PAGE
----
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Herman Cain’s Zombie Twitter Account Is Posting Coronavirus Conspiracy Theories Now

Herman Cain and supporters of US President Donald Trump "Black Voices" listen to him speak during a campaign rally

After Herman Cain passed away last month, his family and social media team decided to keep his Twitter account active. They’ve been posting all the same sort of pro-Trump, anti-Democrat, anti-Black Lives Matter nonsense the Black Voices for Trump co-chair posted before his death, but this weekend, the account also posted some puzzling COVID-19 propaganda.

The now-deleted tweet linked to an article about underlying pre-existing conditions and their relationship to coronavirus-related deaths. “It looks like the virus is not as deadly as the mainstream media first made it out to be,” the tweet read.

The message is incredibly bizarre given that Cain died from the coronavirus, which he reportedly contracted after attending a Trump rally.

The article the account tweeted is from the extremely conservative Western Journal, which is less an actual journalism outlet and more a website designed to be shared on Facebook, founded by a guy who staked his claim peddling conspiracy theories about Bill Clinton and later tried to convince conservative readers that Barack Obama was secretly Muslim.

So when you hear that this site is saying only 6% of reported COVID-19 deaths are in fact due to the virus, you’ll want to take that with all the grains of salt you have at your disposal.

In reality, the CDC study that number comes from lists other contributing factors that have been noted in COVID-19 related deaths. They include things like pneumonia, influenza, and respiratory arrest—all issues that have been shown to be caused by the coronavirus.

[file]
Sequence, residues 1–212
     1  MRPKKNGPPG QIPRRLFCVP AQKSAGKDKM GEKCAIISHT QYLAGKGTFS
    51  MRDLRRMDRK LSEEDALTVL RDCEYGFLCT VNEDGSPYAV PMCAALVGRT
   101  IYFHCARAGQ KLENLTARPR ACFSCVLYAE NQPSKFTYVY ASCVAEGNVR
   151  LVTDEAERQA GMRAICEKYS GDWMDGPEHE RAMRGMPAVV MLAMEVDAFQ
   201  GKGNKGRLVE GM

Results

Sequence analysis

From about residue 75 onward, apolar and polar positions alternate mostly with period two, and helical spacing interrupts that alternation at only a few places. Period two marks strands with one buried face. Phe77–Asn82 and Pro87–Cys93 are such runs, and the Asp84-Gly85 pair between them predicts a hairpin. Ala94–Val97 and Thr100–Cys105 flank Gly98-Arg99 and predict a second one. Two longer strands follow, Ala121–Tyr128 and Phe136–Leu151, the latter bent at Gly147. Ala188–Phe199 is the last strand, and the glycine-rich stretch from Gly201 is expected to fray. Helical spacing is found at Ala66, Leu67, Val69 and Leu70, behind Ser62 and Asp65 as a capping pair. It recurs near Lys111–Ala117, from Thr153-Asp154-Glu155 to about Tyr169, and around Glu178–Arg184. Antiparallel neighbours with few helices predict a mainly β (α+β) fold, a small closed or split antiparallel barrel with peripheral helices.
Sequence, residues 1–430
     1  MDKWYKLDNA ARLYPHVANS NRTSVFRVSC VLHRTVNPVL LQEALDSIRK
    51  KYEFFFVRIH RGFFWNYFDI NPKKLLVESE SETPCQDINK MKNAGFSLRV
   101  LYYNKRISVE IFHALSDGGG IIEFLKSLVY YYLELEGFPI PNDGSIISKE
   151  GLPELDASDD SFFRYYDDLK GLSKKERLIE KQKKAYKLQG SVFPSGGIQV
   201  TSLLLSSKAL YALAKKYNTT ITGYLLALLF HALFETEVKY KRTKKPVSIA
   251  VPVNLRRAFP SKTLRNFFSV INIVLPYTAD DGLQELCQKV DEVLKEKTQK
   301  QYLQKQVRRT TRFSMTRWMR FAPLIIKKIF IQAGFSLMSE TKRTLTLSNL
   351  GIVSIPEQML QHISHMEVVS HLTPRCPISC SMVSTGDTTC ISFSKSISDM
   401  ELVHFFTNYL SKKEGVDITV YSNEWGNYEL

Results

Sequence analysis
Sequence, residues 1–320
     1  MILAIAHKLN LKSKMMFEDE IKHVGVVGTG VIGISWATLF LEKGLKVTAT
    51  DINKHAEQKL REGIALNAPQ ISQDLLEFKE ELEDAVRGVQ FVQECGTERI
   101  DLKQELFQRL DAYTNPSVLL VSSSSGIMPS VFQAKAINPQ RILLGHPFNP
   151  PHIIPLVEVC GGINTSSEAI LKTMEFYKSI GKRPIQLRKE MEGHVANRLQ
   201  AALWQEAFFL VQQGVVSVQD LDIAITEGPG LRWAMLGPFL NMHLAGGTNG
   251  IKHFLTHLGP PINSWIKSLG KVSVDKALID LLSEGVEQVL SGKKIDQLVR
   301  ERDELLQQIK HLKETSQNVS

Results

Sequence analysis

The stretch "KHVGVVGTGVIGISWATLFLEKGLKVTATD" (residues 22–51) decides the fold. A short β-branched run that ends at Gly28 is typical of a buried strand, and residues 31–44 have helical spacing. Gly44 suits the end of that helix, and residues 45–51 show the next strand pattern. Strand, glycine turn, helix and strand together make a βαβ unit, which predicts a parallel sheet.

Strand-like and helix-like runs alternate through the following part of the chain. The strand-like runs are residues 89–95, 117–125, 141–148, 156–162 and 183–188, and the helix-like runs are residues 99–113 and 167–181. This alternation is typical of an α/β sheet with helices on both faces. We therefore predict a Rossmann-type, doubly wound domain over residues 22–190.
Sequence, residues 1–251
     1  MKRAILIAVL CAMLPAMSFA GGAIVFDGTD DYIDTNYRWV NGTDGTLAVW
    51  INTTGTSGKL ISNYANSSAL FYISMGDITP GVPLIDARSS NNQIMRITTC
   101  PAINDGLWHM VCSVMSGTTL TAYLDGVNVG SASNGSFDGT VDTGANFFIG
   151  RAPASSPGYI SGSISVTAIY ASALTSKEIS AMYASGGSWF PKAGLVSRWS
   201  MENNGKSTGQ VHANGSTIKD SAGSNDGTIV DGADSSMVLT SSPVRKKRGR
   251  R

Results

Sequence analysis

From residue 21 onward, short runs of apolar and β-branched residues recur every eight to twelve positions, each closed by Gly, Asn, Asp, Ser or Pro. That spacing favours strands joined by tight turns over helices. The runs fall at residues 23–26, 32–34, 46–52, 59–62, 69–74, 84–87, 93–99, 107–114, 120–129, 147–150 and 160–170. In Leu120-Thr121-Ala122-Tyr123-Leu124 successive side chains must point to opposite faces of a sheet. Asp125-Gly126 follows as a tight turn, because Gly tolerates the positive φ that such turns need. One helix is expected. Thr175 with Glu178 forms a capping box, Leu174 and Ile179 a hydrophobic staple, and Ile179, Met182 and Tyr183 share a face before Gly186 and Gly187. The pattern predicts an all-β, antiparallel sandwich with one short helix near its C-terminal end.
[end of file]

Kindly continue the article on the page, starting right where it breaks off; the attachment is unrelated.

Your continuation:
That’s like saying the knife stab didn’t kill him, it was the loss of blood.

Despite its lack of scientific accuracy, the 6% conspiracy theory has been picked up not just by conservative media hacks and Hermain Cain’s ghost, but also QAnon groups, which means it inevitably found its way to Donald Trump’s Twitter account, where he retweeted a Q-related account that posted the “data” in a tweet Twitter then removed for violating its rules on misinformation.

Even in death, Herman Cain is still pushing Trump’s favorite conspiracy theories.

(image: NICHOLAS KAMM/AFP via Getty Images)

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Vivian Kane (she/her) has a lot of opinions about a lot of things. Born in San Francisco and radicalized in Los Angeles, she now lives in Kansas City, Missouri with her husband Brock Wilbur and too many cats.